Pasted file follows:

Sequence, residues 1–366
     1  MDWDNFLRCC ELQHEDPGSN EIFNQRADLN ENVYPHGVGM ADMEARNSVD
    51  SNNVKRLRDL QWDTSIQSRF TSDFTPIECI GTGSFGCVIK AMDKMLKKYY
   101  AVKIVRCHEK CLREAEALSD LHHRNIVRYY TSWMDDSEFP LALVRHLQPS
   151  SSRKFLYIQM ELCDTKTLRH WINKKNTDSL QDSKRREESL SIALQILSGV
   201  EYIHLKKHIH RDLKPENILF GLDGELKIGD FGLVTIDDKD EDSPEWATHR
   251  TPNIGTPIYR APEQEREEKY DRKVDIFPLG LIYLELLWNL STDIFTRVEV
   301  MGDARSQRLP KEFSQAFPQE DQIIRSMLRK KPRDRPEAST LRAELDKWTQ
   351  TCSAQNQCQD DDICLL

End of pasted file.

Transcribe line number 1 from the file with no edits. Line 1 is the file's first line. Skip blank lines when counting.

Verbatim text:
Sequence, residues 1–366